If you are like me, you have only heard or read about the Jewish custom of Bar Mitzvah. I had an intellectual knowledge of what it was all about – the becoming of an adult in the eyes of Jewish Community and an acceptance of the Jewish faith in a very public way – but I never had any first-hand experience with it. Well, that all changed when I recently attended my nephew Jacob’s Bar Mitzvah.
I often describe myself as a “church geek”. I like ritual and liturgy, not only of my own church, but of other churches. I like the history of the development of ritual and liturgy and to see how things change over the years. One of the first learning moments was to discover that Bar Mitzvah is not an event but a title; one is not “Bar Mitzvahed”, one is a Bar Mitzvah. Bar Mitzvah is a title that means “Son of the Commandment” and is a person who hears and responds to the commandments.
When a Jewish male, or female in the case of a Bat Mitzvah, turns 13 he is considered old enough to understand and comprehend what is required of him in the commandments and is responsible for fulfilling them. He is also included as an adult in the religious life of the synagogue. Although the origins of the Bar Mitzvah are obscure, the present ritual emerged some time during the Middle Ages.
The Bar Mitzvah leads the community prayers, along with the Rabbi and the Cantor, and he will read, for the first time, from the Torah. Prior to Jacob reading from Torah it is taken from the Ark, located in the very center of the Synagogue and passed from generation to generation. We were blessed to have three generations of the family present. The Torah is then taken in procession, much like I carry the Gospel book through the sanctuary of our Church during the Divine Liturgy. The Torah is covered with various items, and needs to be “undressed” so it can be rolled out for reading. My parents – Jacob’s grandparents – had the honor of performing this ritual.
The particular Torah that was used has a history all its own. I am not sure of the exact history but the Torah is a survivor of the Holocaust and has been lovingly restored by the community for continued use. While Jacob was reading I could not help but think of the number of similar services in history, using this same Torah, and how hatred of a people led to this Torah being in our midst now. It served as a poignant reminder of how cruel humanity can be and how we need to be on guard so it never happens again!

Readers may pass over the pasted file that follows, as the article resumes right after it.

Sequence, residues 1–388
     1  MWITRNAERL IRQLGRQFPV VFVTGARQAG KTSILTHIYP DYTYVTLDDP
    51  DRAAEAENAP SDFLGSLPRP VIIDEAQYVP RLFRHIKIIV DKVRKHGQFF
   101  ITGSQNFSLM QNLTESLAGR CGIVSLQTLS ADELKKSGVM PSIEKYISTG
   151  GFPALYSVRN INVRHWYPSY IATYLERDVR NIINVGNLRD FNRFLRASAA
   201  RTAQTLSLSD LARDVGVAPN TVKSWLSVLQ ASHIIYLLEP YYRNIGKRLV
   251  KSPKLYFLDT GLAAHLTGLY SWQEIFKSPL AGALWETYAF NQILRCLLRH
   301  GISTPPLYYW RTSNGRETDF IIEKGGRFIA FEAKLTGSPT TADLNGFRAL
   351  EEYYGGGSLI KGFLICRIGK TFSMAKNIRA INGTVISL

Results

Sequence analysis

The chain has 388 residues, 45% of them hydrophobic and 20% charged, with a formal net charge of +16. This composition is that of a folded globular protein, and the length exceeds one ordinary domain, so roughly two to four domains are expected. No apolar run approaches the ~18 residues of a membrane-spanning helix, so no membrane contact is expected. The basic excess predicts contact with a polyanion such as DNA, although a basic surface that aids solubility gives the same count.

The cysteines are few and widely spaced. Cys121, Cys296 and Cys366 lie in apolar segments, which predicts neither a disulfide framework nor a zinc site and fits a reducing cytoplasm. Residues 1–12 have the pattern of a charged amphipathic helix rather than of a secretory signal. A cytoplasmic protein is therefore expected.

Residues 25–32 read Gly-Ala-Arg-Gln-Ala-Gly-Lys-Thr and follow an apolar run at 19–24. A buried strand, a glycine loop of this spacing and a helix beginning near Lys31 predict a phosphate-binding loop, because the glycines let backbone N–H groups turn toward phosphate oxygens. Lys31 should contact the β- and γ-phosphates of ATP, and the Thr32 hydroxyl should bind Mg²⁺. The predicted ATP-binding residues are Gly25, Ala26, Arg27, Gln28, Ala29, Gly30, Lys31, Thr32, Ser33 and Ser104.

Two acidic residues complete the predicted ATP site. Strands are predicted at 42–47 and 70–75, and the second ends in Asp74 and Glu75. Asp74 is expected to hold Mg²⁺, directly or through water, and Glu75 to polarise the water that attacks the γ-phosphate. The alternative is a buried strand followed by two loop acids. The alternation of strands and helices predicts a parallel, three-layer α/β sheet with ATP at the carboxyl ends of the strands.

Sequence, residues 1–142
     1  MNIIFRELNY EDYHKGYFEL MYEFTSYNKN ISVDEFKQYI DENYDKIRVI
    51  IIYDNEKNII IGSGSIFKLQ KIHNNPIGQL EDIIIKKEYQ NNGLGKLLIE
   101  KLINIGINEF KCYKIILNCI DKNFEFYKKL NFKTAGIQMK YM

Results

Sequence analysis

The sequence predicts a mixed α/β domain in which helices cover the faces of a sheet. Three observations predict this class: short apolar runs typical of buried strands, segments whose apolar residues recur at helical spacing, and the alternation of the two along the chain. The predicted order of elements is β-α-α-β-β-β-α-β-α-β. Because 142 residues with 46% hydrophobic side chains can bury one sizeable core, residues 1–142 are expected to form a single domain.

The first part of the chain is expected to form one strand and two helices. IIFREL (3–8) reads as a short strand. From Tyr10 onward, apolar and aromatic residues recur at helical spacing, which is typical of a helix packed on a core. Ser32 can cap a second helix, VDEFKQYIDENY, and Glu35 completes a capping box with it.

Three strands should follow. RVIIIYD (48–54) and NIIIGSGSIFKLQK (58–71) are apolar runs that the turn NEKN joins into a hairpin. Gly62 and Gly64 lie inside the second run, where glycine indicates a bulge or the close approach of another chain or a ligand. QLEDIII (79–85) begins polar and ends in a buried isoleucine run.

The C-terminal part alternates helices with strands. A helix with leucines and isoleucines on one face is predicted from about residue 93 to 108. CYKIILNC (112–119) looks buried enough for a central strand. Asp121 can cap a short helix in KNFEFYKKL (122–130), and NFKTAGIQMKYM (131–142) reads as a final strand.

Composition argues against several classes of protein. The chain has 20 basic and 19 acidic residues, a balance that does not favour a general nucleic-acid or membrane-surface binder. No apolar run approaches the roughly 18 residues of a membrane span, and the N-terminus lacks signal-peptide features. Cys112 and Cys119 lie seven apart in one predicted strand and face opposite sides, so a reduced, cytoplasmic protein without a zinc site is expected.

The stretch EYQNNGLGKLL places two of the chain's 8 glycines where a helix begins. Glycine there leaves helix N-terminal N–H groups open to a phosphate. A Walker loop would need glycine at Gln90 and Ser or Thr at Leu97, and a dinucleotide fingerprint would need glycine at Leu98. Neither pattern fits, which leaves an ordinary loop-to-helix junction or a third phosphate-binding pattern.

Various family members were called up to assist Jacob in reading. They came forward to read blessings or a “Aliyah” prior to the reading of the passage selected. This is considered a great honor to be called upon for this purpose. The Bar Mitzvah then reads the selected passage from Torah and gives a little speech, the preparation of which takes much time and study. The lesson involves a teaching about the passage just read, and in Jacob’s case, a teaching about the Feast of Sukkoth that was presently being celebrated.
The Torah is then lifted and is “re-dressed” – this was my part, along with my brothers. So I am thinking, here is this historic Torah, not only that but a sacred object, we are being watched by the Rabbi, the Cantor, the president of the congregation, and the entire congregation, and they asked me to do this. All I could think of was “God, I hope I don’t screw this up!” But in the end we performed our task and it was such an honor to do so. The Congregation was so gracious and welcoming that I was at ease and was able to just worship and enjoy the moment.
I had often thought of this service as just reading a passage from Torah but it is much more than that. Bar Mitzvah is a celebration of Jewish heritage and culture and it is amazing to see how it all comes together. Knowing where we have been will help us to go where we are going. Our past helps to shape our future but, thankfully, it does not determine who we are. Knowledge of history will help us to avoid making the same mistakes and assists us in staying ever vigilant against hate. For me this service was about more than a person reading from Scripture. It was the passing on of scared traditions and rituals to the next generation not just as things that we do but as the life we should live.